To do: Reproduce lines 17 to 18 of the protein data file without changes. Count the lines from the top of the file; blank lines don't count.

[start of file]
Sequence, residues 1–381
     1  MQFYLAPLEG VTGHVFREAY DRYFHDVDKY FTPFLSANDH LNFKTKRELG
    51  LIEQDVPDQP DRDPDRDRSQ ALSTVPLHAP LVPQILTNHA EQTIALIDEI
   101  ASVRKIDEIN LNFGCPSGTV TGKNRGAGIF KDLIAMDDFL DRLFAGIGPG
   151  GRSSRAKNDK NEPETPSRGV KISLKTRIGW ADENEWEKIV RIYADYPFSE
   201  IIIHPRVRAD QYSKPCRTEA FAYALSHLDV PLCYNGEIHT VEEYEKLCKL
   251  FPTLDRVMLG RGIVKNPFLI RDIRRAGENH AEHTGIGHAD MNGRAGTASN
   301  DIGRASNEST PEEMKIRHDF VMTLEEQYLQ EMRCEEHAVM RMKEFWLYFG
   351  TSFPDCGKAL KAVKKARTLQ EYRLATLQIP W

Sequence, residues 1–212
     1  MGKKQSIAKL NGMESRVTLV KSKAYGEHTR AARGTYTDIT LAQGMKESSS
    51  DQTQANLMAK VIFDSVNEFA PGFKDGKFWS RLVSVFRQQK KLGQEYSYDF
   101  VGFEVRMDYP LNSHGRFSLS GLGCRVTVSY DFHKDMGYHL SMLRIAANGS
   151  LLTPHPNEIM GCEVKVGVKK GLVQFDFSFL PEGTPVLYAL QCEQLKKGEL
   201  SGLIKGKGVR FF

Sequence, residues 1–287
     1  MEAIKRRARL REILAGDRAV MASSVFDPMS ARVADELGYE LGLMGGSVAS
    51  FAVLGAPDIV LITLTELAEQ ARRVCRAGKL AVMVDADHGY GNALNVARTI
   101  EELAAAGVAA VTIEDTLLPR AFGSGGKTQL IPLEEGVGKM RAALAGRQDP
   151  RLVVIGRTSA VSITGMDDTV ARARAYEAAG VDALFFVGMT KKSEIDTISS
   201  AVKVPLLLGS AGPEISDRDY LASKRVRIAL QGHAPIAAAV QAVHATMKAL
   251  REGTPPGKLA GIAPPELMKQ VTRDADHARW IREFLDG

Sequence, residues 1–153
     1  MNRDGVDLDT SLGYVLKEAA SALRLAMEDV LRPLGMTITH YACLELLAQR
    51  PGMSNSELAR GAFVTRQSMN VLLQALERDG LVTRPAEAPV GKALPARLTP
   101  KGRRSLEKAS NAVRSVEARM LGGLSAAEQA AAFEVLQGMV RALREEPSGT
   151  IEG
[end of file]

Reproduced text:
     1  MEAIKRRARL REILAGDRAV MASSVFDPMS ARVADELGYE LGLMGGSVAS
    51  FAVLGAPDIV LITLTELAEQ ARRVCRAGKL AVMVDADHGY GNALNVARTI